THE case against a woman who had been charged with a serious assault has been dismissed because two key witnesses died while the State delayed prosecution.
Denise Sharlott (23) had been charged with assault causing harm to a woman at a house in Artane, north Dublin, more than three years ago.
But Dublin District Court heard two men who witnessed the incident were now deceased -- including one who died following an unrelated assault in 2009.
Ms Sharlott, of Ribh Road in Artane had denied assaulting a woman on the same street in an incident on October 7, 2007.
Judge Timothy Lucey dismissed the case for want of prosecution after hearing that the only people who had witnessed the incident were dead.
The two were Keith Mills, who lost his life after he was seriously assaulted in January 2009 and Clayton McGill, who died in January 2010.
The case was due to go ahead when Defence barrister Leo Mulrooney objected on the basis of the delay of three years and three months was all due to the prosecution.
"Had the case been prosecuted in an expeditious manner, it is likely that both witnesses could have been called," he said. "The prosecution can't be blamed for circumstances that arise during a delay, but they must bear the burden of that delay."
Meanwhile, full disclosure of prosecution documents to the defence had only happened nine days before the hearing date.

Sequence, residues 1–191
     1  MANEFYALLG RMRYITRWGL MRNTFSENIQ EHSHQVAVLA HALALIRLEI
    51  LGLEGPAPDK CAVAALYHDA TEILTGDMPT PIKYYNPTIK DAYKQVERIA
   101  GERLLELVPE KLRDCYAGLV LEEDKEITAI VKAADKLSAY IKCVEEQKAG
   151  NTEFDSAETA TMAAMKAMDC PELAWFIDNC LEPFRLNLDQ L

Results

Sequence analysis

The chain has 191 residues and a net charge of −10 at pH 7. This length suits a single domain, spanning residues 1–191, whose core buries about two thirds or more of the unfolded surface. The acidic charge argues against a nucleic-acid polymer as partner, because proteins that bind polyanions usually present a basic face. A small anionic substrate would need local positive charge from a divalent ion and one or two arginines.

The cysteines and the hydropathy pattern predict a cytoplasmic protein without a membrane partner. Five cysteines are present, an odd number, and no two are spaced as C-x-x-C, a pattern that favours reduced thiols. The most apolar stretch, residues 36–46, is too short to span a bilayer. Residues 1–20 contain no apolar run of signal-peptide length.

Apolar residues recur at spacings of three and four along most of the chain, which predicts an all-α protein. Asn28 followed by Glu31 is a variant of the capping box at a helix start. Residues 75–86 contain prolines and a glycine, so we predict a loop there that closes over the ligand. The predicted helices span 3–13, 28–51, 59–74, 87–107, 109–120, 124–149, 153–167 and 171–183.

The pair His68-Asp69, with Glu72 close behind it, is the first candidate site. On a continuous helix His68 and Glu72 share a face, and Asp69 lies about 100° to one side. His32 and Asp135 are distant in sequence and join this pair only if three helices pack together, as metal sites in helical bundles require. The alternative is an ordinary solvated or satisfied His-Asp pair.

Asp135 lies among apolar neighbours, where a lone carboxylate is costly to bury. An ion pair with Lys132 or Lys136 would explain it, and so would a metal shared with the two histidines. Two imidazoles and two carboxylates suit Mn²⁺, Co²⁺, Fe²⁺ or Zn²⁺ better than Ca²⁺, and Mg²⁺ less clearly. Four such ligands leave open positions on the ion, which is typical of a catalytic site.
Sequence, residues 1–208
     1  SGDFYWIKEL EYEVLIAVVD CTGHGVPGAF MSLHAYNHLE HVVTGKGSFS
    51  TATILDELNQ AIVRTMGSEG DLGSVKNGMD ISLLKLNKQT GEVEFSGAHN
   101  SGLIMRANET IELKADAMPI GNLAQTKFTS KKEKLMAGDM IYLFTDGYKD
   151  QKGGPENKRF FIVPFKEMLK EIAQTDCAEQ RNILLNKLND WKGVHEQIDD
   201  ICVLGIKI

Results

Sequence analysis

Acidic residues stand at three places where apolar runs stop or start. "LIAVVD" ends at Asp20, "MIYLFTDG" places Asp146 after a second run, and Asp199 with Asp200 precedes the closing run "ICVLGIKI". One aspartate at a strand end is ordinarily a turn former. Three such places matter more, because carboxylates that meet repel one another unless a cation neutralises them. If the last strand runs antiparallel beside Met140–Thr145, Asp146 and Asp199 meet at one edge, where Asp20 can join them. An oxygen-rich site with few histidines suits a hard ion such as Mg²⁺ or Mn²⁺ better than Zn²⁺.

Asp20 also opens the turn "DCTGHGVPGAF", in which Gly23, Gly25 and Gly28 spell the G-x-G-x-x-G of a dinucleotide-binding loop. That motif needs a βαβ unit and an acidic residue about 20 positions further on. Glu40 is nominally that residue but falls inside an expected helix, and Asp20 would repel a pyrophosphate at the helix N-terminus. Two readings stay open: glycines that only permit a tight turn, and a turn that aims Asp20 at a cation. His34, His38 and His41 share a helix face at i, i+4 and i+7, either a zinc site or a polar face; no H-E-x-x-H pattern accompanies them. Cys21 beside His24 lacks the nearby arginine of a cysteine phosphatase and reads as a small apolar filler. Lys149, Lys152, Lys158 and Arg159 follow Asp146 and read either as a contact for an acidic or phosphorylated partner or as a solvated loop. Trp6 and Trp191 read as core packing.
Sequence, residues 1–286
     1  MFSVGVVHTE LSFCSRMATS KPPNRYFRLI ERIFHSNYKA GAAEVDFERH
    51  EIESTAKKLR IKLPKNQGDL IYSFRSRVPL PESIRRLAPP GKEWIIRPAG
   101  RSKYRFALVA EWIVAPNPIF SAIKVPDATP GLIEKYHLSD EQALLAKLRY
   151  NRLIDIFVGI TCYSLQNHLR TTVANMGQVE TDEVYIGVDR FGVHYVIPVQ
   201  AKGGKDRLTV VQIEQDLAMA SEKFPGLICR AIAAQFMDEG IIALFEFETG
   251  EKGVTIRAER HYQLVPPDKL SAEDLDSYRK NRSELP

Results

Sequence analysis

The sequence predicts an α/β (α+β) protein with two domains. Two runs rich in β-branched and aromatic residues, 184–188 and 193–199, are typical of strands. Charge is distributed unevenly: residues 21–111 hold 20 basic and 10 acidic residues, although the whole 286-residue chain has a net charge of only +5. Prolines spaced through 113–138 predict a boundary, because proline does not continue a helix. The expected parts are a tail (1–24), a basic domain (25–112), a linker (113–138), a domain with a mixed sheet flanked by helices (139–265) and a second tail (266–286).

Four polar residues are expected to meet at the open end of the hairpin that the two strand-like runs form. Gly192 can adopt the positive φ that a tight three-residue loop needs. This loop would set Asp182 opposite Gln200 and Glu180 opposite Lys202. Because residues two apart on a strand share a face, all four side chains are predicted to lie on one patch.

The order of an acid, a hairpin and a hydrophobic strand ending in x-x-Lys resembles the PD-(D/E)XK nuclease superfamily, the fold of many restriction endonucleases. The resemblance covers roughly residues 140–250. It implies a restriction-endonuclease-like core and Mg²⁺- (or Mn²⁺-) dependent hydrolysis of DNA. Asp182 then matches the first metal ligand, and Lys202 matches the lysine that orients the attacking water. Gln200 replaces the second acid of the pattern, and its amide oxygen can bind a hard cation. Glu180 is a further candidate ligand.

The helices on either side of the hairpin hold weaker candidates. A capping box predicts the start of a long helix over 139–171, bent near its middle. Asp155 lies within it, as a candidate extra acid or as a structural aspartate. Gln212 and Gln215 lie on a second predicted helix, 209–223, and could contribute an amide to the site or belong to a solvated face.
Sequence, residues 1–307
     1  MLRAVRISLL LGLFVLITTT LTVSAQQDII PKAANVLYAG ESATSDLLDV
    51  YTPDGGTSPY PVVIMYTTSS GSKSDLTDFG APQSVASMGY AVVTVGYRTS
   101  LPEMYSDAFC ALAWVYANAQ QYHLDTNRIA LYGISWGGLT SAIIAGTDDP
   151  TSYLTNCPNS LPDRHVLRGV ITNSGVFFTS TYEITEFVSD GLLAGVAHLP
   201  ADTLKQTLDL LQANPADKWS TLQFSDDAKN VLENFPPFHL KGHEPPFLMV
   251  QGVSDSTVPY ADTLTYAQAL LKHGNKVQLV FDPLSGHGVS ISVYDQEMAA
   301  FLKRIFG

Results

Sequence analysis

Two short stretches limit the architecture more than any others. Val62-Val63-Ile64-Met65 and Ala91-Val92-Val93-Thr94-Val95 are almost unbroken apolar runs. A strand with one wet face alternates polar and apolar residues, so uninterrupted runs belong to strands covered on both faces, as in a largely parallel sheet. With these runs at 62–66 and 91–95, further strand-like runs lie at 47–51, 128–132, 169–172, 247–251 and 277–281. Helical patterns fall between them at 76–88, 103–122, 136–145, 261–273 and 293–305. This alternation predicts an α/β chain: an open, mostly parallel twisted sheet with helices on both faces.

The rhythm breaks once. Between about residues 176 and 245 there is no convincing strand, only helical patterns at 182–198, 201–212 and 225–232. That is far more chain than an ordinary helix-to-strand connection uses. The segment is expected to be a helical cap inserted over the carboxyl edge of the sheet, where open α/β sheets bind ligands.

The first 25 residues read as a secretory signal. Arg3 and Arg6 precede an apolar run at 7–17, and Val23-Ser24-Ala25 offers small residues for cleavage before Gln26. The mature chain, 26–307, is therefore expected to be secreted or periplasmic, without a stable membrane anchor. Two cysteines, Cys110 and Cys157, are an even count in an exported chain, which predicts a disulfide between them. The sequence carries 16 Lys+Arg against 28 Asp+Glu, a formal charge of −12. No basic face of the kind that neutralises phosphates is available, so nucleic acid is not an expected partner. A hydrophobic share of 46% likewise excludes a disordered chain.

Mr Mulrooney said the defendant had suffered stress and anxiety while the case had been "hanging over her".
She had intended putting up a defence of self-defence.
The State solicitor accepted that the two dead witnesses had been at the scene, although the prosecution had never had any contact with them. Gardai had been refused entry to the house on the night by somebody who was not the defendant.
He said the defence was placing all its emphasis on the two deceased witnesses and ignoring everyone else who had been in the house.
The court heard the evidence the witnesses had intended giving would have supported the defendant's version of events. Of the three civilian and two garda witnesses for the prosecution, only the alleged victim had seen the incident.
Judge Lucey concluded that the defence was "prejudiced" by not being able to call the witnesses and said: "I have no difficulty in coming to the conclusion that the trial should be stopped here and now."